Step 1 — Disgorgement
As a result of his market abuse, Mr A made a profit from his trading of £10,000, which is therefore the Step 1 figure.
Step 2 — Discipline: figure reflecting the nature, impact and seriousness of the breach
The Step 2 figure is the greater of:
The Step 2 figure in this case would therefore be the minimum level of £100,000.
Subject to any adjustment for aggravating and mitigating factors and any discount for early settlement, therefore, without any consideration of his financial hardship, Mr A would be paying £100,000 by way of penalty from a gross income (plus benefits) of £27,000 (and his profit of £10,000). Depending upon his assets, and the FSA giving Mr A a significant time within which to pay, one could see the result as requiring Mr A to sell his home or even being forced into bankruptcy.
Even were the FSA to implement option 2 and take into account serious financial hardship, the proposed thresholds are so low (£14,000 in the case of income) that they are unlikely to give individuals much comfort in practice.
As noted above, if the FSA’s proposals are implemented as suggested, they will have an unprecedented effect on enforcement proceedings in the UK. In particular, the implementation of those proposals could have extremely serious consequences for both corporations and individuals, but particularly individuals. Even ignoring the proposed minimum fine of £100,000 for market abuse, basing a penalty on up to 40% of an individual’s gross income and benefits will require serious life-style changes to be made for any individual who has committed a serious regulatory breach.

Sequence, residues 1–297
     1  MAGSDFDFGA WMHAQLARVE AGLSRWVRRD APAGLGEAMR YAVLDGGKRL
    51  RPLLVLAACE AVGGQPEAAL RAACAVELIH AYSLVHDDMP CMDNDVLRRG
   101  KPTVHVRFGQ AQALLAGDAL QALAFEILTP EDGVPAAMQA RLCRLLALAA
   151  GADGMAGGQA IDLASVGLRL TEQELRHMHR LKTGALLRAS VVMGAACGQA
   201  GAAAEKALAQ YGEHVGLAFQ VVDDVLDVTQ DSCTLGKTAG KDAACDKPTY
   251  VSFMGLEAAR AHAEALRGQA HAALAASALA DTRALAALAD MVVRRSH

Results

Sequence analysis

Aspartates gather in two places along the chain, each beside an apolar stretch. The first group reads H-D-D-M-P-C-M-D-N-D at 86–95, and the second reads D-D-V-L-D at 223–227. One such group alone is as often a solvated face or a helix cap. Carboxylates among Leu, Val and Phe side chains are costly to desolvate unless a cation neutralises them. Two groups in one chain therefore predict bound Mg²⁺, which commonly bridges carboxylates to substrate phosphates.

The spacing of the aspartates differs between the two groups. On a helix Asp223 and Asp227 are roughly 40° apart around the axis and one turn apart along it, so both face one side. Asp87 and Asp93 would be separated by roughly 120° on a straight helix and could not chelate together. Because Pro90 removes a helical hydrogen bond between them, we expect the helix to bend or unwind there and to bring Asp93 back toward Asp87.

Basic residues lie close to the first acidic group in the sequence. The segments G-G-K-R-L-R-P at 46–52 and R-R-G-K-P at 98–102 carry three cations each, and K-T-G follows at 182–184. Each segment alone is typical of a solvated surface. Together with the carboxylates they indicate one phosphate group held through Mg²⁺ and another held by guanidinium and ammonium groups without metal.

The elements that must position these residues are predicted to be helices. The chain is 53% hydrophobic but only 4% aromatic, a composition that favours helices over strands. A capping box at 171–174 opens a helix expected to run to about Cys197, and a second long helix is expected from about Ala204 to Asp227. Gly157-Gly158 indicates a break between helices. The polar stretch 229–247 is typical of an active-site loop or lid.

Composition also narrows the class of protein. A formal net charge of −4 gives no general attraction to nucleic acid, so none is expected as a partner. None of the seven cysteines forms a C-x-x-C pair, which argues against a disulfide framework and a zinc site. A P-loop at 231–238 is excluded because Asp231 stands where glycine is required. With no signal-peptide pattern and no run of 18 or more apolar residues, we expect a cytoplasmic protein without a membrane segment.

But then again, the FSA has not named it "credible deterrence" for nothing. As Margaret Cole, FSA Director of Enforcement said about the proposals: "they are an important step in pushing forward [the FSA’s] ethos of credible deterrence. By hitting companies and individuals in the pocket where it hurts, the fines will be a stark warning to others on what they can expect to pay for flouting [FSA] rules".
 30% if settlement occurs during stage 1 (the period from commencement of an investigation until the FSA has a sufficient understanding of the nature and gravity of the breach to make a reasonable assessment of the appropriate penalty and communicated that assessment to the person concerned and allowed a reasonable opportunity to reach agreement as to the amount of the penalty); 20% if settlement occurs during stage 2 (the period from the end of stage 1 until the expiry of the period for making written representations or, if sooner, the date on which the written representations are sent in response to the giving of a warning notice); 10% if settlement occurs during stage 3 (the period from the end of stage 2 until the giving of a decision notice); and 0% if settlement occurs during stage 4 (the period after the end of stage 33, including proceedings before the Financial Services and Markets Tribunal and any subsequent appeals).
 Indeed, the FSA has recently obtained its first bankruptcy order against an individual for an unpaid fine.
Gibson, Dunn & Crutcher LLP lawyers are available to assist in addressing any questions you may have regarding these issues. Please contact the Gibson Dunn attorney with whom you work or Rachel Couter (+44 20 7071 4217, email@example.com) or Selina Sagayam (+44 20 7071 4263, firstname.lastname@example.org) in the firm’s London office.